A reasonable supposition took hold — that Netanyahu, under pressure from settler leaders as the long-delayed evacuation of Amona finally took place — had authorized these announcements, which focused on building inside settlement blocs, after prior coordination with Trump. That could explain the administration’s laconic response.
And then came Thursday: Boom! The Jerusalem Post‘s Michael Wilner reported that the White House wanted Israel to cease settlement announcements that are “unilateral” and “undermining” of Trump’s effort to forge Middle East peace. A senior administration official told the Post that the White House was not consulted on the recent settlement announcements.
White House Press Secretary Sean Spicer went on to describe the “unchanged” U.S. desire for peace between Israelis and Palestinians. While the existence of settlements may not be an impediment to peace, he said, “the construction of new settlements or the expansion of existing settlements beyond their current borders may not be helpful in achieving that goal.”
What does this one small episode, so early in the Trump administration, tell us? It does not tell us whether, or how hard, or how successfully, the administration will work to advance peace talks or a two-state solution, although it suggests that the White House cares. It does tell us, however, that the 50-year U.S. opposition to Israeli settlement expansion, as a negative factor in the search for peace, is a widely understood American interest that does not fluctuate wildly from one administration to the next.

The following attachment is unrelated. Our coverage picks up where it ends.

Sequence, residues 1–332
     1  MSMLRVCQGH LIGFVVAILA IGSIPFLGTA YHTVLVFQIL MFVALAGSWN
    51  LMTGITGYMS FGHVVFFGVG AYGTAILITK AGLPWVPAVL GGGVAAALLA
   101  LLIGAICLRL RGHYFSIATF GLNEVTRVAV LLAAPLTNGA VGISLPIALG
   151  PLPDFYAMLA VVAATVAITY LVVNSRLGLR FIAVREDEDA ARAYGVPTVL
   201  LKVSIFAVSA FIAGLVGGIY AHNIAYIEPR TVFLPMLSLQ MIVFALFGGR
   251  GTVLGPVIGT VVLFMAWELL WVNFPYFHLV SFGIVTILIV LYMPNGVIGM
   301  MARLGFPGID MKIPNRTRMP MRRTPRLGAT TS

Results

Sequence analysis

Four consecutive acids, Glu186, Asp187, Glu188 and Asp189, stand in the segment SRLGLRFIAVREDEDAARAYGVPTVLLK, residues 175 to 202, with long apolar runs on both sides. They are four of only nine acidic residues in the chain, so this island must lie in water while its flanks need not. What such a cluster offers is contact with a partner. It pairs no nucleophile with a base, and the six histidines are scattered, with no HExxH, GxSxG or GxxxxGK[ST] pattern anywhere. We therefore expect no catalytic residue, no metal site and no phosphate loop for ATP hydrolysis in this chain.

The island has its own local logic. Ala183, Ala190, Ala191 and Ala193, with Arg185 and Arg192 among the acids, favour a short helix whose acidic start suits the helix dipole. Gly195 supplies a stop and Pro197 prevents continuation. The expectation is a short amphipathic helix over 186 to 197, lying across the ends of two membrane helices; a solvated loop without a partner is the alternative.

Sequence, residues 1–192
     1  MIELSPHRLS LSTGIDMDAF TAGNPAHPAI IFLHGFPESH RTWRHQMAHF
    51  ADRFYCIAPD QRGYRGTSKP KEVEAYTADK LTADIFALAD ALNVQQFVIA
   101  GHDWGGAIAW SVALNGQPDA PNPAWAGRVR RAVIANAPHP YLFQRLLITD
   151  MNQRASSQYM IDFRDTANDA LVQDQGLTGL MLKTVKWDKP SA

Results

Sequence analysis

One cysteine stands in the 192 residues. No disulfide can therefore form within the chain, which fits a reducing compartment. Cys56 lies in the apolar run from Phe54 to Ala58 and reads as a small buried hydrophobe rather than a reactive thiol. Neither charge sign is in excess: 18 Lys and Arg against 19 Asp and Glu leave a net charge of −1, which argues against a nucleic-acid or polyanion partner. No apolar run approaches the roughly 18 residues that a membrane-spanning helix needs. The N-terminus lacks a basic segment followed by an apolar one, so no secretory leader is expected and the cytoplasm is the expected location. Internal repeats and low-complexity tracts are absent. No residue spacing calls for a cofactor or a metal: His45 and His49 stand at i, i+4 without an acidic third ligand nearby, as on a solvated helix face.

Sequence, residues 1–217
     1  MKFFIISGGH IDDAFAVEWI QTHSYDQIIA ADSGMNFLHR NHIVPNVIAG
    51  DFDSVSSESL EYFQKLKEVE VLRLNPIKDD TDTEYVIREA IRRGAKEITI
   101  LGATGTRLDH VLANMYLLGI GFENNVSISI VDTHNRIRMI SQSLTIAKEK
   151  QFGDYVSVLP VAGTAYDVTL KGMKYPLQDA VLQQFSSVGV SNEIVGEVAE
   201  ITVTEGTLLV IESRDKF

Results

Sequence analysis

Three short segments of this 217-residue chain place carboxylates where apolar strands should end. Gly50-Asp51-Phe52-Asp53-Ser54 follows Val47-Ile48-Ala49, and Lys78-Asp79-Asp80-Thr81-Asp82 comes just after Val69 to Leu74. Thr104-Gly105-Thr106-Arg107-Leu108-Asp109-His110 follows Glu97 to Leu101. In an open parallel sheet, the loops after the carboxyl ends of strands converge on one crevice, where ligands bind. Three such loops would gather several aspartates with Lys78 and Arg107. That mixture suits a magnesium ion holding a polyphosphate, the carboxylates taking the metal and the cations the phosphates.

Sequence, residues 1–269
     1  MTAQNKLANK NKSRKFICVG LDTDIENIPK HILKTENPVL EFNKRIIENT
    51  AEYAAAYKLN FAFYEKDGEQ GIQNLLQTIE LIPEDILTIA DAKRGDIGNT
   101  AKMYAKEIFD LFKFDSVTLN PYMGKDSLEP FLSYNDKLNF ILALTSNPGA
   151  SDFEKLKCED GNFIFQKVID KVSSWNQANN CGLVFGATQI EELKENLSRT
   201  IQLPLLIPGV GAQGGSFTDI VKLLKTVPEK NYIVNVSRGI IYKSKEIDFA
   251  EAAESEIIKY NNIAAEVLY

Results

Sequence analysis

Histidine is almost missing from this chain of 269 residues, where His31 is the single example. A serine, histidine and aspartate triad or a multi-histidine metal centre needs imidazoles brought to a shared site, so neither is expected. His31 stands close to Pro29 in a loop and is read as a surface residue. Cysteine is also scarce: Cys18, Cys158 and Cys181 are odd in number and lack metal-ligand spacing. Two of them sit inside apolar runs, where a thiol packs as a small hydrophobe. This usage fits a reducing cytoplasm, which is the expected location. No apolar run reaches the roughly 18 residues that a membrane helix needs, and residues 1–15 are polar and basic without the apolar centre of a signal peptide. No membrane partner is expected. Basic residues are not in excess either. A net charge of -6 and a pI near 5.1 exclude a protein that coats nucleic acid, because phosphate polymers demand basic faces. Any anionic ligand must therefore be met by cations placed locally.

But wait. In the hall of mirrors that is Middle East peacemaking, this seeming rebuke of Israel may, in fact, have been coordinated with Netanyahu after all. Time will tell, but there is strong reason to believe that Netanyahu, having lost the pressure from Obama as his excuse to restrain the most right-leaning members of his coalition, whose annexation dreams he knows will be harmful to Israel’s interests, actually needed the very same from Trump. Thursday’s announcement may have been exactly what Netanyahu asked for.
The prospect of Israel ceasing to be both a Jewish and a democratic state, the risk of instability that could threaten Jordan if Palestinians despair of any chance at statehood (note that King Abdullah met with Trump on Thursday), the complications a shutdown in efforts to achieve a two-state solution would cause in U.S. relations with Arab states — these are only some of the reasons that the Trump administration, after only two weeks, has landed in roughly the same place as each of its predecessors on Israeli-Palestinian issues.
The goal of achieving a negotiated two-state solution to end the Israeli-Palestinian conflict, and the opposition to unilateral acts that could impede it, were not some hobbyhorses of the Obama administration. They are deeply rooted American interests that have shaped — and, it appears, will continue to shape — U.S. policy. In this case, maybe in close coordination with Israel.
President Trump, welcome to the Middle East peace funhouse.
Photo credit: THOMAS COEX/AFP/Getty Images